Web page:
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Francis Pope at Regina Coeli 03-05-2015

Angelus - Copyright: Vatican Media

POPE’S ANGELUS ADDRESS: On Striving to Enter the Narrow Door to Paradise (FULL TEXT)

“But Lord I was part of that association, friends with that monsignor, cardinal, group, priest.’ Titles do not count. The Lord will only recognize us for … a life of faith’

Here is a ZENIT working translation of the address Pope Francis gave today, before and after praying the midday Angelus with those gathered in St. Peter’s Square.

* * *

Before the Angelus:

Dear brothers and sisters, good morning!

Today’s Gospel (Lk 13:22-30), presents us with Jesus passing by, teaching through cities and villages, traveling toward Jerusalem, where He knows He must die on the cross for the salvation of all men. In this scenario, a man poses a question to the Lord, saying: “Lord, will only a few people be saved?” (v. 23). The issue was debated at the time, and there were different ways of interpreting the Scriptures, in this regard. But Jesus turns the question upside down – as it focuses more on quantity: “They are few? …” – and instead places the answer on the level of responsibility, inviting us to use the present time well. In fact, He says: “Strive to enter through the narrow door, for many, I tell you, will attempt to enter but will not be strong enough” (v. 24).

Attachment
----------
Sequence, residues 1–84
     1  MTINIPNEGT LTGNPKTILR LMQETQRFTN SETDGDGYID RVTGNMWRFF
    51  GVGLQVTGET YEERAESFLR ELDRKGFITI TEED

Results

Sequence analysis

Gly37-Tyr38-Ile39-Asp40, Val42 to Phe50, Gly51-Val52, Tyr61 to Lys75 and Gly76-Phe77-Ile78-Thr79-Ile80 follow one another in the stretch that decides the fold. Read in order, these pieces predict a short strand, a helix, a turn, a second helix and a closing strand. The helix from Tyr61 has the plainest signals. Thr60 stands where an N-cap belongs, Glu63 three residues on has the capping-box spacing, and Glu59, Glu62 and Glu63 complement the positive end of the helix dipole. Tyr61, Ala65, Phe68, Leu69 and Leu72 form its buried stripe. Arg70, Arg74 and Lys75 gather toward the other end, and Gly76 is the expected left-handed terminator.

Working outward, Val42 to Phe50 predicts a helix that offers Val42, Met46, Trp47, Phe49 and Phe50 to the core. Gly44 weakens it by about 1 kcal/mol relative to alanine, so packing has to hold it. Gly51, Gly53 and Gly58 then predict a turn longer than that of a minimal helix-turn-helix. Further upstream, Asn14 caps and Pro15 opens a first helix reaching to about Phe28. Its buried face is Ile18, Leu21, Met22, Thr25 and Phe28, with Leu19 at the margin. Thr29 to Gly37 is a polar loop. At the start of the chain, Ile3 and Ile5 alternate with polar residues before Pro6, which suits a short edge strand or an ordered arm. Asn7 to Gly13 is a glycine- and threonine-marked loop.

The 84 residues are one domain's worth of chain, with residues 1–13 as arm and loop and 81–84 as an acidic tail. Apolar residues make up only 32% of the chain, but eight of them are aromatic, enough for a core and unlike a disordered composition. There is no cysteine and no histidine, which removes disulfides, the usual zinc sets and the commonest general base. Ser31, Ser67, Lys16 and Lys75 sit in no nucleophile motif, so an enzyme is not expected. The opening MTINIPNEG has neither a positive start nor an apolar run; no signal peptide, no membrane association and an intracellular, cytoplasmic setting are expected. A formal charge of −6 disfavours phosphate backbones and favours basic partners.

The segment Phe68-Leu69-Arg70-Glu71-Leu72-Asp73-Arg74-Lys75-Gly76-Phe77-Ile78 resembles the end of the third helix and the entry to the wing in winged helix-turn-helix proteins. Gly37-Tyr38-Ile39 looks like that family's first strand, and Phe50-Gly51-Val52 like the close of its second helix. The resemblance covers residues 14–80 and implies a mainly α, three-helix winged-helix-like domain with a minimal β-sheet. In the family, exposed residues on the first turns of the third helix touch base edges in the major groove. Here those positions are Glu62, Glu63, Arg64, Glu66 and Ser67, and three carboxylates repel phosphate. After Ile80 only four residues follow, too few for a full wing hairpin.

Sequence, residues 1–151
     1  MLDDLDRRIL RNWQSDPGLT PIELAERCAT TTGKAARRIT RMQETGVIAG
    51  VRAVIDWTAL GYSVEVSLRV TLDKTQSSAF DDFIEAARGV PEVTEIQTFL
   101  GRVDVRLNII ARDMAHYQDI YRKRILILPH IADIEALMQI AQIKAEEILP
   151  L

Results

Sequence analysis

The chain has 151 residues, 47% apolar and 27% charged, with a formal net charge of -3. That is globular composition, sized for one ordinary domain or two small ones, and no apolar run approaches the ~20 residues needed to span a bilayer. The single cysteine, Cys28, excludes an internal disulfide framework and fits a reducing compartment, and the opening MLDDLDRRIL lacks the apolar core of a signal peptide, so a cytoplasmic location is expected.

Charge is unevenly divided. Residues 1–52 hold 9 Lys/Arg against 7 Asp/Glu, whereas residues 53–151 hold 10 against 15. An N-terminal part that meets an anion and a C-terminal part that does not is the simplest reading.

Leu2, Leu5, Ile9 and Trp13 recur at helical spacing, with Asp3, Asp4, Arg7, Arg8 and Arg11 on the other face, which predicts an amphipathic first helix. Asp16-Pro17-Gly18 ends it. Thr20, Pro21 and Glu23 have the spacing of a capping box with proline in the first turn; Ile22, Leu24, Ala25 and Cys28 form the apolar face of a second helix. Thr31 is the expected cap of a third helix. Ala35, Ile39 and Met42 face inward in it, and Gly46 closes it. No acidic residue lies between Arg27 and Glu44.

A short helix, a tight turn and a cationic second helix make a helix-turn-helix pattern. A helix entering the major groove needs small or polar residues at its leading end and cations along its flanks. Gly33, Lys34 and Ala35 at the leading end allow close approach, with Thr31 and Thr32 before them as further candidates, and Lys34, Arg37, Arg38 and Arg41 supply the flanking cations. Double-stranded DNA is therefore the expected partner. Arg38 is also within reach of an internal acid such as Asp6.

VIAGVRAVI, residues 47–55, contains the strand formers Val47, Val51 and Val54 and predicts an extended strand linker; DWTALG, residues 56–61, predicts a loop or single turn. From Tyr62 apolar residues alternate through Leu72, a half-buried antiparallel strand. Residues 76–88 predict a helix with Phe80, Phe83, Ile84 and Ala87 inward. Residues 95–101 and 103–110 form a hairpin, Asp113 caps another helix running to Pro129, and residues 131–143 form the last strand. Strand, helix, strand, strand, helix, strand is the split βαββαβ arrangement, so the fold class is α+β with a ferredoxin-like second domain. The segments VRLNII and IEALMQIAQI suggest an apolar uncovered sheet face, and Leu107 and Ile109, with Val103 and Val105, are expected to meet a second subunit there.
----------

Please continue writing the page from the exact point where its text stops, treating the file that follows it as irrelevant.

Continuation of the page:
With these words, Jesus makes it clear that it is not a question of number, there is no “quota,” in Paradise! But it is a question of crossing the right path, which exists, for everyone , but it is narrow. That is the question. Jesus does not want to deceive us, saying: “Yes, rest assured, it is easy, there is a beautiful highway and at the end, a big door …” No, Jesus tells us things as they are: the passage is narrow. What do you mean? In the sense that to be saved, one must love God and one’s neighbor, and this is not, comfortable! It is a “narrow door” because it is demanding, it requires commitment, indeed, “effort”, that is to say, a determined and persevering will to live according to the Gospel. St. Paul calls it “the good fight of the faith” (1 Tim 6:12).